Leveraging could be a much faster way to increase your assets

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Ed ChanLeveraging could be a much faster way to increase your assets – Ed Chan

Leveraging involves borrowing money and can be a much faster way to increase the size of your assets than saving and paying down your debt. But leveraging could increase the size of your losses also, unless you build in precautions and safeguards.

Often people compare shares with property as the best means for wealth creation.

Wealth is created faster by increasing your asset base so that you have a larger asset base working for you, which in effect creates greater and faster wealth.

Now lets look at the leverage ability of both asset classes.

With shares you can borrow generally up to 50% loan value ratio (LVR) of the asset itself. This means that if you had $100,000 cash to invest you can borrow a further $100,000 against  the share portfolio of $200,000. This effectively means you now have $200,000 working for you instead of $100,000 working for you.

Property on the other hand gives you the ability to borrow up to an LVR of 80% of the property itself meaning if you had $100,000 cash you can borrow $400,000 to purchase a property worth $500,000. So now we have $500,000 working for you instead of $200,000 as in the above example with shares.

It’s fair to say that some Banks will lend more than 50% LVR against a share portfolio but this is rare and most banks will only lend up to 50% LVR and most share loans require you to top them up if the shares fall in value (margin call) which is not the normal case with a property loan.

Some people may say that Shares gives you a better return on your investment even though the base is smaller.

In this example the share portfolio of $200,000 would need to return an average of 35% pa (excluding Franking credits) for you to end up with the same amount of money as a property of $500,000 at around 14%pa. (Capital growth of 10%pa and rental yield of 4%pa). Remember we started off with the same deposit of $100,000.

If you were able to achieve a 35%pa return over the longer term, then obviously its better to leave your money where the debt and risk level is lower.

Recently the government have made changes to the way Self Managed Superannuation Funds (SMSF) can invest their money. In the past SMSF’s were not permitted to borrow money and this meant they were unable to leverage except in certain circumstances where they were able to leverage into shares through Warrants.

As from 24th September 2007 the laws were changed so that SMSF’s were able to borrow and invest into assets which they were permitted to invest in like property.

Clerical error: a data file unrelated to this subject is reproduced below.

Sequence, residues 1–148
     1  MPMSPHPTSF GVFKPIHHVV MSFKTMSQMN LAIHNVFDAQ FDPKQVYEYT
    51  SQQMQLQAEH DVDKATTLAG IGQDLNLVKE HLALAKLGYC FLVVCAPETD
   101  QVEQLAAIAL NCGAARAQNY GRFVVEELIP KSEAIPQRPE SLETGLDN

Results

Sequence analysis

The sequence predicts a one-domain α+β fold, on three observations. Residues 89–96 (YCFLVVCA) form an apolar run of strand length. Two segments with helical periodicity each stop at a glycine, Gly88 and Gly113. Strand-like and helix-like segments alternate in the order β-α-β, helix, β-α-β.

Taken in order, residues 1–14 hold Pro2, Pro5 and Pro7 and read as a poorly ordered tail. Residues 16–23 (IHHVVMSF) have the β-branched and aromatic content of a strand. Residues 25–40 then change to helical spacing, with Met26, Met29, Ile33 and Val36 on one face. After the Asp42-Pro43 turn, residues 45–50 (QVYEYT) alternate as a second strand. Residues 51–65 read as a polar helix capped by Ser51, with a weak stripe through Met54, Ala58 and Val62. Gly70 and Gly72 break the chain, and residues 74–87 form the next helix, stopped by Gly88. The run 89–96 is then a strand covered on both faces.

This is a very exciting opportunity for investors as it now allows a person after appropriate advice from a licensed Financial Planner to rollover their exsisting Superannuation from an Industry fund or Retail fund into their own SMSF and through a similar Warrant product (Holding trust and a SMSF Limited Recourse Loan) borrow the balance from a Bank and buy property thus instantly increasing ones Superannuation asset base.

Under legeslated Super Choice law, most employees can now opt to commence an SMSF and rollover their Employer sponsored fund into their own SMSF and use the funds as a 20% deposit on  their next Superannuation property investment.

The Super guarantee (SG) contributions that your employer contributes (i.e. 9%) can be directed to your own SMSF and inconjunction with the rental income can be used to fund the loan costs. You can also salary sacrifice (up to $25,000 p.a. if under 50 or $50,000 over 50. N.B. These figures are inclusive of any Super Guarantee (SG) contributions) to help with the repayment of the loan.

Author – Edward Chan Chairman Chan & Naylor

www.chan-naylor.com.au

 

 

This information has been prepared as a general guideline, and is not intended to be an exhaustive or a complete analysis of the topics in question or issues raised in this article. There are many particular legal, taxation and accounting matters which have not been dealt with in this article and readers are urged to discuss any aspect of the operation of any of these matters discussed herein with their professional advisers. In particular asset protection, estate planning and superannuation are potentially a very litigious areas of law and you will need specific advice before you take any actions if you want your wishes complied with. Before taking any action or implementing any strategy you should seek professional advice from your lawyer, accountant and or financial planner who will take into account your specific circumstances and objectives.

Whilst reasonable care has been taken in preparation of this information, subsequent changes in circumstances (including legislative changes) may occur at any time and may impact on the accuracy of this information. Chan & Naylor Australia Pty Ltd nor its directors, officers or associated and related entities including the author take no responsibility for any omissions or inaccuracies in this information and will not be held liable for any losses or damages that may result in the use of this information.

 

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